HAZEM EL MASRI: I always thank God and thank my parents for bringing me up the right way and the good way and for teaching me the wrong and the right from the beginning.
SHARON O’NEILL: But for every Lebanese family like the El Masris, there are many more who have not fared so well. In a community suffering huge social disadvantage Hazem El Masri is hoping he can bring about some changes.
HAZEM EL MASRI: I’ll always believe that if I can change one person’s life from 10 people I’ve done a good job and that’s why I always sort of go out of my way to be able to hopefully inspire them and get them active instead of going out there and doing trouble, or getting bored or whatever…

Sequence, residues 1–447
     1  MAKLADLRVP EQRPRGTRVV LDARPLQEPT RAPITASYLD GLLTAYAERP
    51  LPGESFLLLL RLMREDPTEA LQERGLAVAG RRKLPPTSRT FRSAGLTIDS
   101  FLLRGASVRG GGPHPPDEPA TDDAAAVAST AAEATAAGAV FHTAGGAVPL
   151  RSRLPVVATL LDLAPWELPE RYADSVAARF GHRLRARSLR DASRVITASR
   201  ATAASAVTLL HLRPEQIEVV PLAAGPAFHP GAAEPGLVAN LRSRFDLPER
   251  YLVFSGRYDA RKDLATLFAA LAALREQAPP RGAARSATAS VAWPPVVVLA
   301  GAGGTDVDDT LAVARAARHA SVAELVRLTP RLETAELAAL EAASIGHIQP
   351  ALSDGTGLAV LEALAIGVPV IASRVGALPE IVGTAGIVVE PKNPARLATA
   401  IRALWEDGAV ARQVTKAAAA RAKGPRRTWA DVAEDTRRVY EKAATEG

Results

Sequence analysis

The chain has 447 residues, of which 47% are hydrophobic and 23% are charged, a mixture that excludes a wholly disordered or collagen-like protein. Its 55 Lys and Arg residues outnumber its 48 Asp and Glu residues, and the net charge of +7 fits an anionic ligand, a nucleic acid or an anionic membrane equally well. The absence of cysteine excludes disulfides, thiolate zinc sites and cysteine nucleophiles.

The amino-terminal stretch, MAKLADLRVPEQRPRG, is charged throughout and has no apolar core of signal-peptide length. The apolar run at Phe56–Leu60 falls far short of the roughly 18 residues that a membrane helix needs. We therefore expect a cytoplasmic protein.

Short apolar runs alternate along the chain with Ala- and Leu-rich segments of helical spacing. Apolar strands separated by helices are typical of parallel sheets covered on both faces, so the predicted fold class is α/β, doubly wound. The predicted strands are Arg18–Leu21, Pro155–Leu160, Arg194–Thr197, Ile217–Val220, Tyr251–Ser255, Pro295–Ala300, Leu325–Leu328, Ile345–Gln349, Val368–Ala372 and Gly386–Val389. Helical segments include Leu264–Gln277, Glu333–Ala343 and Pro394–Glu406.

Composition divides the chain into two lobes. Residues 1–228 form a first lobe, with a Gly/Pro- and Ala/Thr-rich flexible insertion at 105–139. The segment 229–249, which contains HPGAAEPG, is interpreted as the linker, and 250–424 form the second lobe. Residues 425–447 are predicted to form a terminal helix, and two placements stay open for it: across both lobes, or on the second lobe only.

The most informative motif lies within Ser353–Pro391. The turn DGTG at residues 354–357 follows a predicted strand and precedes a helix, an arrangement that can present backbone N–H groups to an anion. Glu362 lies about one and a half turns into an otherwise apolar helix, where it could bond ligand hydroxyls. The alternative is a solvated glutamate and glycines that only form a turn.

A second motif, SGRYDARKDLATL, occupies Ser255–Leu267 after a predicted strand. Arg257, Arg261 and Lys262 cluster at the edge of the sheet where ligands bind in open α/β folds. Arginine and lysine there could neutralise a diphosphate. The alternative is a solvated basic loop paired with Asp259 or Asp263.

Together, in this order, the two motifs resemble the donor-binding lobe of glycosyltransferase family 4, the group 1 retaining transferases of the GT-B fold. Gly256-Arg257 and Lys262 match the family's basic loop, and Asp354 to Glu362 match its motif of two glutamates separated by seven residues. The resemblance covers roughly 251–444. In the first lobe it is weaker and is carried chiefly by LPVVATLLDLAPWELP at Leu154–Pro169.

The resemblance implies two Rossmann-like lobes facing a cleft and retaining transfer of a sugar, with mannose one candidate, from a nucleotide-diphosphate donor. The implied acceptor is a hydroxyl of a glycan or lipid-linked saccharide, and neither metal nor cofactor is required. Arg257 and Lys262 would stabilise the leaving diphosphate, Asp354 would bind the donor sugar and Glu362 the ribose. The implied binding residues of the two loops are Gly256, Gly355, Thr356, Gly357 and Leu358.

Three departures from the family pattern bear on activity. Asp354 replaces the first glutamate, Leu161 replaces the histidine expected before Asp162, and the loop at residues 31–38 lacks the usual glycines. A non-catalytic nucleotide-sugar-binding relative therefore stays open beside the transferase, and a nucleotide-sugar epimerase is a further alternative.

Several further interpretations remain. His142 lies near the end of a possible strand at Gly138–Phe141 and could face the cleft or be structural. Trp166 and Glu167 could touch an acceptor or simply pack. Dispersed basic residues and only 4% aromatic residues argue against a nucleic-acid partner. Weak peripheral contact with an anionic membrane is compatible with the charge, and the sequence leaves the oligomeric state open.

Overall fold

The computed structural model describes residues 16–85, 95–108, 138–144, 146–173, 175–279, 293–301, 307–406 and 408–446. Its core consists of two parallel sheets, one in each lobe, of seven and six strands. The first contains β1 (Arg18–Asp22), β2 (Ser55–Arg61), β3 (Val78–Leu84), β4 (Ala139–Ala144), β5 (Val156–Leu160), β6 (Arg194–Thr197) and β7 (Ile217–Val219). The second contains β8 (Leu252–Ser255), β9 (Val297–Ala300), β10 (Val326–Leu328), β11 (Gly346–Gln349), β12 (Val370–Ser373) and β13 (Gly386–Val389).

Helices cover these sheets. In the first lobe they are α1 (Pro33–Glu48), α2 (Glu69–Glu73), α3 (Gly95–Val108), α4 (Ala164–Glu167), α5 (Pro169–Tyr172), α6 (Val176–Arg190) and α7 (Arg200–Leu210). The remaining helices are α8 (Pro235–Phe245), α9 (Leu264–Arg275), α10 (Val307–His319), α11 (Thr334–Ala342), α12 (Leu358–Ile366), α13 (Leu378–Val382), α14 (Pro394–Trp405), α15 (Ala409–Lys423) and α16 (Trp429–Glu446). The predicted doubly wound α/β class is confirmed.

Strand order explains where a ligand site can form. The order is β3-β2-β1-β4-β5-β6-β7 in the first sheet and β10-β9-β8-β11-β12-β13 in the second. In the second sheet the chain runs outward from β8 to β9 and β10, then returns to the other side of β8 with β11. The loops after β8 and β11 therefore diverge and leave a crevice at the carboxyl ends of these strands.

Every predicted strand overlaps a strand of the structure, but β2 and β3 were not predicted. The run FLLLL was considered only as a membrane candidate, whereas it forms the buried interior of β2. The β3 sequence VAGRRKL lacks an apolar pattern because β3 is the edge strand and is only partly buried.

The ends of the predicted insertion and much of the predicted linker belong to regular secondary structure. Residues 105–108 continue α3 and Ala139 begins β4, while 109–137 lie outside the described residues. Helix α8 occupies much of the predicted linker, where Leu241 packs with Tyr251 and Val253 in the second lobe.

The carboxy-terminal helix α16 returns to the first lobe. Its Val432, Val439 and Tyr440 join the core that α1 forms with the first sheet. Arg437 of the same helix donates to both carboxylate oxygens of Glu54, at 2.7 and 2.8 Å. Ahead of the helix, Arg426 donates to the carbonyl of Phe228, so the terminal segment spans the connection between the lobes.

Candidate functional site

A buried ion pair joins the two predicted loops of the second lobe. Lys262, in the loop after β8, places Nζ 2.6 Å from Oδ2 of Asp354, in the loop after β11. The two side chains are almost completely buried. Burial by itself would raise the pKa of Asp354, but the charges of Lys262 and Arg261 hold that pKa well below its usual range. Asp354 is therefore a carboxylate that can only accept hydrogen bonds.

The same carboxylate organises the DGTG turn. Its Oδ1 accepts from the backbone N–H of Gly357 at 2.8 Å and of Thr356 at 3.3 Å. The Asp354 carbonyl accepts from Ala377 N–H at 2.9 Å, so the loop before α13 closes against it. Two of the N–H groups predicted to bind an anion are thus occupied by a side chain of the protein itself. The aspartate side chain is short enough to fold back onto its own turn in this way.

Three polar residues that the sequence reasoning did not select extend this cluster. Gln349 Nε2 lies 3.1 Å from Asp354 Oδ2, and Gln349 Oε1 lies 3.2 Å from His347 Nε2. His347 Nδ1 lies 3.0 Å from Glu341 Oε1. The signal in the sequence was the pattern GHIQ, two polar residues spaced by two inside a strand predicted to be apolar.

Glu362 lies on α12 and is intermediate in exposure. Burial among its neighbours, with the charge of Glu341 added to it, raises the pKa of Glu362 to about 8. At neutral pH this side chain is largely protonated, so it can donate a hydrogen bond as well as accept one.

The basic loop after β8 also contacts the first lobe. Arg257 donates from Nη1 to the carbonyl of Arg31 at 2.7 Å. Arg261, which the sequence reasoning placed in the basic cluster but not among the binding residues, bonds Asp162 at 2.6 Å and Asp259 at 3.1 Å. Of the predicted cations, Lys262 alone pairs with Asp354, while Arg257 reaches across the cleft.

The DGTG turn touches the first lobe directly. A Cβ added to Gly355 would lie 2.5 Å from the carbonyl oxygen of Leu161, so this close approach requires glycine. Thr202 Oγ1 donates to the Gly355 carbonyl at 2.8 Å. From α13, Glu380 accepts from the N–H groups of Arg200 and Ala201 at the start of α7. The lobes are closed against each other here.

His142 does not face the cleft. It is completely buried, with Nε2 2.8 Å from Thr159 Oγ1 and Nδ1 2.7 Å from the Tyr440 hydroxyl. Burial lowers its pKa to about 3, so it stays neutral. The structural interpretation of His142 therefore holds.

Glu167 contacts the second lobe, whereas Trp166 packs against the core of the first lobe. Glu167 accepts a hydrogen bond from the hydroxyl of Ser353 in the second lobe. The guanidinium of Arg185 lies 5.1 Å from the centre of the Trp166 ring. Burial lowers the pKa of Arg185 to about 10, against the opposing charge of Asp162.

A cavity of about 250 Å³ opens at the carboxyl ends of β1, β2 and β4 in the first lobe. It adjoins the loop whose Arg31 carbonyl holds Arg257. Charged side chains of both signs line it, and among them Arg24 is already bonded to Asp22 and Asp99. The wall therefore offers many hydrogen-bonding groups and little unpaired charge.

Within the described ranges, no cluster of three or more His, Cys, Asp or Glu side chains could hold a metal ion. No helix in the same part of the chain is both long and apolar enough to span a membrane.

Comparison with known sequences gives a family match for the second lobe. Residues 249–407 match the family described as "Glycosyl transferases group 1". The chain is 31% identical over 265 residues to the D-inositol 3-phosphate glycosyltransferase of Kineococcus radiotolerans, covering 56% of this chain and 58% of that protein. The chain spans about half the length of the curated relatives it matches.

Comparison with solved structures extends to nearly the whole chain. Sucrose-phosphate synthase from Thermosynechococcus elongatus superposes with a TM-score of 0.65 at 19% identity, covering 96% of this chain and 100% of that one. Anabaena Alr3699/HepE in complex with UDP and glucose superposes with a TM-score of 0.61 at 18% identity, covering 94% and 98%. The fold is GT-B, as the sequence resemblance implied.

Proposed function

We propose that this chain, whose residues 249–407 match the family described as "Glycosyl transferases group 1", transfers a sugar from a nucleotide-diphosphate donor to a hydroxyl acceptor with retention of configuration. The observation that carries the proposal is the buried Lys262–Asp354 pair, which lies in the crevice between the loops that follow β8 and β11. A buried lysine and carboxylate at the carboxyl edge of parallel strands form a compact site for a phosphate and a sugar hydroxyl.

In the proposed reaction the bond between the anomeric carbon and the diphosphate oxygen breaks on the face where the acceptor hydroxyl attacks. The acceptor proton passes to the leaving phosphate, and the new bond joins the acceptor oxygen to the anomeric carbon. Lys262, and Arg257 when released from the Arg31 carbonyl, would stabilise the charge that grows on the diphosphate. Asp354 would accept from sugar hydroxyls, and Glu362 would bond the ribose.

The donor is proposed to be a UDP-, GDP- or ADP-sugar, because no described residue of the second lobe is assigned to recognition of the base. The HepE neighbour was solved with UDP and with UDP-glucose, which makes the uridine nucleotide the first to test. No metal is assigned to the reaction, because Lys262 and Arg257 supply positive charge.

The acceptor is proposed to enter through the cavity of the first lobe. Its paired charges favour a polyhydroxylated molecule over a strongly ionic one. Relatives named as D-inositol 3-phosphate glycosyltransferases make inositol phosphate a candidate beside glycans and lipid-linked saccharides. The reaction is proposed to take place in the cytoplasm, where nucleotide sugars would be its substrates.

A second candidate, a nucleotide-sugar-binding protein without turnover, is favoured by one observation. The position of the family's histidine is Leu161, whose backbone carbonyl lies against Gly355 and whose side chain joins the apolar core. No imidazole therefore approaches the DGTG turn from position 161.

(God this keyboard at the Korean Internet Cafe is awful – stiff and sticky! A typo-making machine.)
But now I have to focus on going to the dentist. (Grrrr!)
NOTE: Now you can read chunks of Amin Maalouf — enough to get his drift — on Google Books: In the Name of Identity: Violence and the Need to Belong.